Norwich Gaming Festival: A non-gamer sees what all the fuss is about
- Credit: Archant
It's the biggest festival of its kind to be showcased in Norfolk and is bringing together gamers of all ages to celebrate the virtual world of video games. Non-gamer Stacia Briggs stumbled into an alien world.
I feel like a fish out of water, like a puritan in a brothel, like the time I was sent to review a real ale tasting session despite my legendary loathing of beer.
The Forum in Norwich is hosting the Norwich Gaming Festival, the largest event of its kind to be held in Norfolk, until April 16 and the place is packed with video game fanatics, game industry professionals and... er, me.
I have never, ever played a video game. Never. I do, however, directly support the gaming industry thanks to my ownership of two teenagers and their associated gaming paraphernalia – XBoxes, Playstations, iPads, Nintendo DS consoles, you name it, I've had to buy it.
Despite the countless thousands of pounds I have pumped into gaming, I have never felt the least bit tempted to grasp the joystick/joypad.
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Fantasy-based scenarios don't interest me, I am a lover and not a fighter and, frankly, leading a raid on World of Warcraft is never going to get the tea on the table.
In my family, it's my son, Cole, who is the hardcore gamer. Call of Duty and FIFA 14 are his poison and he and his friends play almost every night – if you think this means that contemplative silence reigns over the house, you'd be wrong.
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- 3 The Bill star reveals he has moved to Norfolk and why he loves it
- 4 Queues form at Norfolk petrol stations - despite reassurances over stock
- 5 Petrol stations close nationally as HGV driver crisis worsens
- 6 Spectacle of light with 'Norfolk's biggest ever firework display' announced
- 7 Some queues - but business largely as usual at Norfolk's petrol stations
- 8 SOLD! Royal Arcade goes for £2m MORE than guide price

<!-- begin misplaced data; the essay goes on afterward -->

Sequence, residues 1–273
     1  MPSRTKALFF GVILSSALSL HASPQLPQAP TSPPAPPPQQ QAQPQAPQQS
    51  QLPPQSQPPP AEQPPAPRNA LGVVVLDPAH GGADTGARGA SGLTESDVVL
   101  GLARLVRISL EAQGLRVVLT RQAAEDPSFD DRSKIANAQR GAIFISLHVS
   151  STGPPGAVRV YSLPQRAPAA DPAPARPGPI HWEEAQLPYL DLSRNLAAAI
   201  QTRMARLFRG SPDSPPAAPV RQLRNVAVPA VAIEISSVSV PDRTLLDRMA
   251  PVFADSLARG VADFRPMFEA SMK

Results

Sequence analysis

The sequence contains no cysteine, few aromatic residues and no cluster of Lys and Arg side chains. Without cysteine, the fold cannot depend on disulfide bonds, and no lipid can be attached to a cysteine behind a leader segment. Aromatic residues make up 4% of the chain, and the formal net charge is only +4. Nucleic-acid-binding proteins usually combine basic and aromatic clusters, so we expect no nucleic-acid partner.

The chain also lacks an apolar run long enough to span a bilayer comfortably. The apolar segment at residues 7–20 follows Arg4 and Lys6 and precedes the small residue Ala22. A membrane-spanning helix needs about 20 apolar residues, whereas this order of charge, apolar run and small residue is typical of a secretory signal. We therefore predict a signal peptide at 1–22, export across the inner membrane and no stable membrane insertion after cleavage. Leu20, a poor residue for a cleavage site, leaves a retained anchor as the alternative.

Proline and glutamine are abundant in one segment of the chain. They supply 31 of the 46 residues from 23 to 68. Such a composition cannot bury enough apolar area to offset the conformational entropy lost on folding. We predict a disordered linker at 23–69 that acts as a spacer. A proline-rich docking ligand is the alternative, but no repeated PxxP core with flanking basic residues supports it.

- 9 Delays on A47 after lorry overturns
- 10 Harley-Davidson motorcyclist dies in A134 crash
Through the magic of the internet, he plays interactive games with the friends he was playing (real life) football with just a few hours earlier: the screeching is incredible – it's like living inside Call of Duty, if that involves trying to hear EastEnders over caterwauling (I doubt it is, but then again, I've never played).
At the festival, gamers have the chance to try out AAA titles on the latest-gen consoles – no, means nothing to me either – or indulge in a retro arcade featuring games from the last three decades.
They can discover award-winning independent games from around the world, games being made right here in the east of England and learn from presentations and Q and A sessions from a stellar line-up of game industry professionals.
Or, if you're like me, you can wander around using your son as a real-life joypad to navigate you through a sea of stuff you have no idea about – the only reason I could pick an XBox out in a police line-up is because I've had to buy four and they are covered in branding.
The Forum is foreign ground during the next few days for anyone that can't tell their Dreamcast from their Gamecube, their Playstation 1 from their PS4 or their Wii from their Atari will be instantly recognisable as an outcast: a Dreamcast outcast, that's me.
Filled to the rafters with earnest-looking gaming fans (the average age of a gamer is 34, apparently), granite-faced mothers being dragged from console to console by their eager children and people sitting on the floor staring intently at laptops, the Norwich Gaming Festival is a mecca to those who get their kicks from computers.
I felt like I was stuck in an eternal self-service till area at a supermarket: surrounded by constant digital bleeping, lines of people waiting to reach a screen and, in my case, a general feeling of confusion and ennui. Nowhere was this as apparent as in the Minecraft Lounge where you can enter a specially-designed Norwich Minecraft section – if you have a computer and know what Minecraft actually is.
In the bowels of the Forum, it was strangely hot and full of people sitting on the ground presumably mining Norwich for valuable resources with which to build virtual things. 'But why would they want to?' I asked Cat, who has written her own account of the festival. 'If they want to make something, why don't they make something useful, like a cupboard?' She looked at me fondly, like one might look at an elderly relative who was losing her marbles.
I escaped back into the sunshine, un-seduced by the gaming world, my overriding feeling being one of gratitude that I hadn't had to hand over even more cash due to Cole's close proximity to a multitude of games and consoles. I think this officially means I'm old.
PS... I also shunned the chance to have my face painted as my favourite video game character. But I did agree to become Lara Croft as imagined by graphic artist Annette Hudson. We're often mistaken for each other, Lara and me.